Robotic arm and a microscope

The robot doctor will see you now - why AI is the present and not the future of healthcare

Artificial intelligence is no longer a futuristic prospect for healthcare but something that is already having a transformative effect.

The potential of artificial intelligence to revolutionise healthcare has been widely discussed, including on this blog. But, as we found when we spoke to several experts in the field, AI is no longer a futuristic technology when it comes to healthcare and it is already having a transformative effect on the way services are delivered.

Already there are a wealth of real-world applications demonstrating the power of AI in delivering better outcomes for patients and underlining the importance of smart IT investment in delivering the best standards of care.

Maya Raghunandan Ph.D, molecular biologist and freelancer for Kolabtree, an online platform for freelance scientists, said: “AI is already improving the early detection of diseases including cancer and retinopathies. The use of AI in the analysis and review of mammogram and radiology images can speed up diagnosis up to 30 times, with 99 per cent accuracy.

“In 2017, Stanford University published a study describing the successful use of AI algorithms to detect skin cancer. In 2018, Google’s DeepMind technology successfully trained a neural network to detect more than 50 types of eye disease by analysing 3D retinal scans.”

AI in the NHS

In the NHS too, AI is already being used to help make faster and more reliable diagnoses, and also to help the service make the best use of its resources in terms of prioritising those most in need of help.

Dr Mahiben Maruthappu, a practising doctor and adviser on NHS England’s innovation, technology and prevention portfolio, said: “In terms of diagnostic support, AI engines are already routinely examining radiology and ophthalmology images, the big advantages being that thousands of records can be viewed in seconds or minutes where it might take a human hours or days to go through the same volume of data.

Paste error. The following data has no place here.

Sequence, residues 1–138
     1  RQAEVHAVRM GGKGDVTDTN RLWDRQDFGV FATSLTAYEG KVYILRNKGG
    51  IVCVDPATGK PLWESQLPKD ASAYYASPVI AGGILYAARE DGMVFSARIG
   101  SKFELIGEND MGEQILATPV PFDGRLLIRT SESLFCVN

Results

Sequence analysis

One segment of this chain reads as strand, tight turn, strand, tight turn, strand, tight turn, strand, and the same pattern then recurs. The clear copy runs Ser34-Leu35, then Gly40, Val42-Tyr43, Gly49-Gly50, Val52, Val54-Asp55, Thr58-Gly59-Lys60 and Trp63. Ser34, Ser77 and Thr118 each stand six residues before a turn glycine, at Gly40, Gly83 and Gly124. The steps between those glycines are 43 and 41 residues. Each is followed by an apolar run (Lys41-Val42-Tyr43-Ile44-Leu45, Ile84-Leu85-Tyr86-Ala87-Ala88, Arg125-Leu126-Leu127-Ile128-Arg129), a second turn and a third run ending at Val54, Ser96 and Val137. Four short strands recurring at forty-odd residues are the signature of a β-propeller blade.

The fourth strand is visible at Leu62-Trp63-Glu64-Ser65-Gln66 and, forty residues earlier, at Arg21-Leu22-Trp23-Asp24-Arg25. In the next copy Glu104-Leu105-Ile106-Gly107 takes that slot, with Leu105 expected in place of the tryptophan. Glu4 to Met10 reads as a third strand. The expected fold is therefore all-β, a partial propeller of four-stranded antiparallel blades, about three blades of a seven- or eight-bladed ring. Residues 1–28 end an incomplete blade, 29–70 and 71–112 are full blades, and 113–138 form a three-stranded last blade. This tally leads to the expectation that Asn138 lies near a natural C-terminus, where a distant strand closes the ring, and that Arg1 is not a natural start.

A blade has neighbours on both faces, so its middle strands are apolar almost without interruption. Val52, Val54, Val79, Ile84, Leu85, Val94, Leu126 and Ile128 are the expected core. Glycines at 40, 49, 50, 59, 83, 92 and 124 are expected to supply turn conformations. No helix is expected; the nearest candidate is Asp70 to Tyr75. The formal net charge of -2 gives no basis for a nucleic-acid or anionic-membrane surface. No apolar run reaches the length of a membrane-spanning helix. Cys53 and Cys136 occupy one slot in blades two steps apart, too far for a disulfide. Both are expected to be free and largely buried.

“In some cases, this is being expanded to other diagnostic tests patients may have undergone such as blood tests, blood pressure, blood glucose levels and other examinations to suggest diagnoses.

“It is also being used in triage, taking patients’ symptoms and history into account to calculate the risk and likelihood of different conditions and determining the right follow-up questions to ask. This is helping to determine who, out of those patients waiting in A&E or having called 111, are in most urgent need of attention.”

The digital healthcare professional

As digital systems increasingly take root in the health service, managing them will no longer be the sole preserve of healthcare IT specialists, but they will become more central to the way every healthcare professional works. Dr Maruthappu continued: “In the past, people used to talk about the language of medicine being anatomy, pharmacology or physiology. Looking to the future, the language of medicine will be code. Healthcare professionals need to learn how to use and build technology because it is going to be part and parcel of their everyday job.

“It is going to be so prevalent across the entire health system. In the same way that a doctor needs to distinguish between a painkiller and a heart medicine, they will need to distinguish between different types of apps and technologies and how appropriate they are for patients.”

End-to-end patient support

With the health service under pressure to find efficiencies, all parts of the patient journey have become targets for digital innovation, including the interface with pharmacists.

Mobile app Now Patient allows patients to connect directly and confidentially with a doctor, who can then prescribe medication. The app then sources a nearby pharmacy and arranges delivery via courier. As well as the live chat function, the app also features AI-driven self-diagnosis and health management tools which can serve up regular advice and reminders to patients to help them manage conditions.